The Checklist: Good Rehabs Should Pass This Exam

Last updated on November 4th, 2019

Location. Size. Cost. Many factors go into choosing the best rehab facility for you.

One aspect we often overlook is the medical side of treatment. However, a study conducted by the National Center on Addiction and Substance Abuse revealed that the majority of people in addiction treatment do not receive evidence-based care, nor do they receive interventions based on scientific knowledge.

The Selection Process

Most of us don’t know a lot about this aspect, so we don’t know what questions to ask or what to look for. Without question, however, ensuring a rehab facility has sound medical practices should be an important part of the selection process.

As you look into the many options for rehab treatment, do some digging. What kind of treatments are offered? Are their methods proven to be effective? Have they been researched? Tested? If no evidence is available that the facility’s treatments work, continue your search elsewhere.

Let’s look at a few test areas each rehab should be able to pass with flying colors.

Medical Methods

To ensure a treatment plan meets your needs, schedule an appointment with a therapist from the program. Ask what the methods will be. Will your care be individualized? Will it be administered by a licensed addiction counselor? Set your standards higher than group sessions three times a week, movies, pamphlets and listening to lectures. Seek out a program that will provide more individualized treatment.

Common forms of treatment considered to be medically sound include behavioral therapy, psychotherapy and pharmaceutical therapy. And because medications are often an important part of treatment, the facility should have the needed resources to prescribe medications when needed. Medications like Suboxone or Subutex are widely used to treat withdrawal symptoms, assist with cravings and re-balance brain chemistry altered by substance abuse.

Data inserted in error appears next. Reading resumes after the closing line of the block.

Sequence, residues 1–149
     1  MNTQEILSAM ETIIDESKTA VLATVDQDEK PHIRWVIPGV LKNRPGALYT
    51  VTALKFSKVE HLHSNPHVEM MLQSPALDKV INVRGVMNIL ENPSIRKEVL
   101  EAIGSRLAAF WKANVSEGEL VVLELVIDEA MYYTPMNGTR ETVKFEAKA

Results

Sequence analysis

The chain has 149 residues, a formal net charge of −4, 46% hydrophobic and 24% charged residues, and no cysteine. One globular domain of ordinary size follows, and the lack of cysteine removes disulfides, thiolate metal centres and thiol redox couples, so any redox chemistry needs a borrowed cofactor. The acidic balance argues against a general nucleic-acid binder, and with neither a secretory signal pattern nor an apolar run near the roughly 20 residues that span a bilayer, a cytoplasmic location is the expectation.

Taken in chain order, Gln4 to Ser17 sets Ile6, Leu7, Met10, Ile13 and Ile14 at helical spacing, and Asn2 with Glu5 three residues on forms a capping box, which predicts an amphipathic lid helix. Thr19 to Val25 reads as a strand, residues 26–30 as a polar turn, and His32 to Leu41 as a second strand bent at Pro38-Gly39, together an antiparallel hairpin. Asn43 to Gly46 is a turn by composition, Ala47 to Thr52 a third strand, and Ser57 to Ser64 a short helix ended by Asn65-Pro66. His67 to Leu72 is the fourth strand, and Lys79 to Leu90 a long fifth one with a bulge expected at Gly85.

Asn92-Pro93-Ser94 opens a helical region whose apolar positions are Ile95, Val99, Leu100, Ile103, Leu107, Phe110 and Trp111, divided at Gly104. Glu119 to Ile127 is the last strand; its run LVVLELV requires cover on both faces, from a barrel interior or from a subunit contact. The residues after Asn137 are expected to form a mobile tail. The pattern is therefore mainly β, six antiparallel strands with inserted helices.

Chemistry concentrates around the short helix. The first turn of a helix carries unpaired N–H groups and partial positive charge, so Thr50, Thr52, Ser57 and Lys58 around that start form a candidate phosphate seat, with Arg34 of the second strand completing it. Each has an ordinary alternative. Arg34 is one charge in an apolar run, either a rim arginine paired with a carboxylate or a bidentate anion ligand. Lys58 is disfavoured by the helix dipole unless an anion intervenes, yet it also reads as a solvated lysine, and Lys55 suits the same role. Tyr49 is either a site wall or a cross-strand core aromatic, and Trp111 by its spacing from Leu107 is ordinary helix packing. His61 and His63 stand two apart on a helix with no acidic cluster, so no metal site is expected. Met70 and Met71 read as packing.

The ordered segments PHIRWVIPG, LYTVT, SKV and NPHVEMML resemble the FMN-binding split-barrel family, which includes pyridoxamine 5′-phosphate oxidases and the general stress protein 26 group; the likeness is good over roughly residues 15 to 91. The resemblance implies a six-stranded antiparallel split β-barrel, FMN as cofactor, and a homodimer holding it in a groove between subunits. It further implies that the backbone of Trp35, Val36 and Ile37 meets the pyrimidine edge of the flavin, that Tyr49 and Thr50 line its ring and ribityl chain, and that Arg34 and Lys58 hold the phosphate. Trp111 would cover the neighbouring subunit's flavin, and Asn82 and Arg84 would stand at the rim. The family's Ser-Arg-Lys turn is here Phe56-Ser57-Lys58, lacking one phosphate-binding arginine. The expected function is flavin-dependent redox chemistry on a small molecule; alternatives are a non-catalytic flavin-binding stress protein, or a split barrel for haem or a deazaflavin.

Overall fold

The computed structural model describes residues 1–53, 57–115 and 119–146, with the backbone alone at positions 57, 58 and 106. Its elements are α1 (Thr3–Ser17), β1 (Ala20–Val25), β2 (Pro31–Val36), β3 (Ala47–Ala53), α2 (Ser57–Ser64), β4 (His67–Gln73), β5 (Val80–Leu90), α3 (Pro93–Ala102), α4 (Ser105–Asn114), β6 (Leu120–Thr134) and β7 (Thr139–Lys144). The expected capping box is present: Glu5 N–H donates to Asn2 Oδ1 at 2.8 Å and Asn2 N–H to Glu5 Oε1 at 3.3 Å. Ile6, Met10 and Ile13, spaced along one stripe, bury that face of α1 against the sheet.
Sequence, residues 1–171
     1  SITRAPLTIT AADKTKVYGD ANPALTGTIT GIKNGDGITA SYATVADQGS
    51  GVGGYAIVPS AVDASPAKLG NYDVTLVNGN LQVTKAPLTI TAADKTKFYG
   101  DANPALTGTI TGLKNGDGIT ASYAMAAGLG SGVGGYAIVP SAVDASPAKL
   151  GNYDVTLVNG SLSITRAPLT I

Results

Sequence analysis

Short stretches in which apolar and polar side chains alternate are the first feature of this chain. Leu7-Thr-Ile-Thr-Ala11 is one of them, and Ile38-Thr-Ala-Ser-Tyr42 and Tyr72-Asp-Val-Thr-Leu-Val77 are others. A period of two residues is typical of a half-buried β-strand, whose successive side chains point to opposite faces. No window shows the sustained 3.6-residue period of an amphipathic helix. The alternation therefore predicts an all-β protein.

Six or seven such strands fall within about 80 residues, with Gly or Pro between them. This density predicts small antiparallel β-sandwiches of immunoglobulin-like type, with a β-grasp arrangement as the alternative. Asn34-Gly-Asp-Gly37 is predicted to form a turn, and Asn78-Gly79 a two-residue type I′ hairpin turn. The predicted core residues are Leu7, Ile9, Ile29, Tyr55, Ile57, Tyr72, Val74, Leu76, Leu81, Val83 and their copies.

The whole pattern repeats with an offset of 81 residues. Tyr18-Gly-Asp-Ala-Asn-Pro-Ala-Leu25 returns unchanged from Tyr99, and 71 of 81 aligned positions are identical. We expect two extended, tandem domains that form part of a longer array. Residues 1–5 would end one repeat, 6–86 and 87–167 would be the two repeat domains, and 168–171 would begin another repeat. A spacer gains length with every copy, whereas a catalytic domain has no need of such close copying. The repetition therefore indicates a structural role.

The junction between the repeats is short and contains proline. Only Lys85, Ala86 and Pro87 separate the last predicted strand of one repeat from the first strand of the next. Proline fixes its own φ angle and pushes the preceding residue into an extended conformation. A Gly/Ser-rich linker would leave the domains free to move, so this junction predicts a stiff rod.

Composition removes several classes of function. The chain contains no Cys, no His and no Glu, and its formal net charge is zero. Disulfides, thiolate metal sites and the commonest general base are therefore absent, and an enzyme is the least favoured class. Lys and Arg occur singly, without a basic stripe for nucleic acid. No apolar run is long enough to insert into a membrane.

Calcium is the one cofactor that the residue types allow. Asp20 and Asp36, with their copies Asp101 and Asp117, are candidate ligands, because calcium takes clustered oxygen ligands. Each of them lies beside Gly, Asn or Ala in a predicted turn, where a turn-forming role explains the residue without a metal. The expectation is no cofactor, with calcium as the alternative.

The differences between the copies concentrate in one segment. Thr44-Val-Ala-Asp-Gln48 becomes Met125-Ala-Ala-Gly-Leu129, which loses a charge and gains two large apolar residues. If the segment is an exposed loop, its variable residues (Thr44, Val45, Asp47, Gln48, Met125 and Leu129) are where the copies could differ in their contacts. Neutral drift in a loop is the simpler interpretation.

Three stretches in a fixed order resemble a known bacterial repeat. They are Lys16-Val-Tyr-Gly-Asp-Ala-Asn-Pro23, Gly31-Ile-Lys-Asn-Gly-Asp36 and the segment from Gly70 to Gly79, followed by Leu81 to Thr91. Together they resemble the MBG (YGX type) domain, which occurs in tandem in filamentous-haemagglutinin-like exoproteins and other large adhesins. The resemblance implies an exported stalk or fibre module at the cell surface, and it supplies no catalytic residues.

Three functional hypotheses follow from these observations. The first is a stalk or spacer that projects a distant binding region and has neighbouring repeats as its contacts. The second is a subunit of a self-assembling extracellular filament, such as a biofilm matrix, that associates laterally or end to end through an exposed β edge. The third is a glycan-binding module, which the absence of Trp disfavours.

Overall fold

Medical Personnel

The NCAS study also revealed that many addiction treatment providers are not truly qualified for their positions. They are not medical professionals, do not have the knowledge of evidence-based services needed to provide treatment and lack the credentials to administer these treatments, including medication.

As you research programs, look into the credentials of on-site personnel. Clinical staff should have a master’s degree (at minimum), while therapists and physicians should be certified by the American Board of Addiction Medicine.

Medical Records

As we seek the best treatment, we sometimes overlook this part of the program. After all, if we are getting help, why does it matter what the medical records look like? It actually matters quite a bit. Proper documentation of your history, diagnosis and treatment keeps everyone involved in your care on the same page.

Documents can:

  • Serve as a guide for further treatment
  • If new providers enter the picture, they can reference your records to familiarize themselves with your needs and plan for future care.
  • Medical records are also used to justify or refute the need for a specific treatment.

As part of your research, ask to see examples of how the center handles their record keeping. While privacy laws protect specific patient records, they should be able to provide you with general information and samples of their procedures. This also gives you the opportunity to ask what policies they have in place to ensure the privacy of their patients (which is required by law.)

Additional Reading:  
Packing for Rehab: What Should You Leave at Home?

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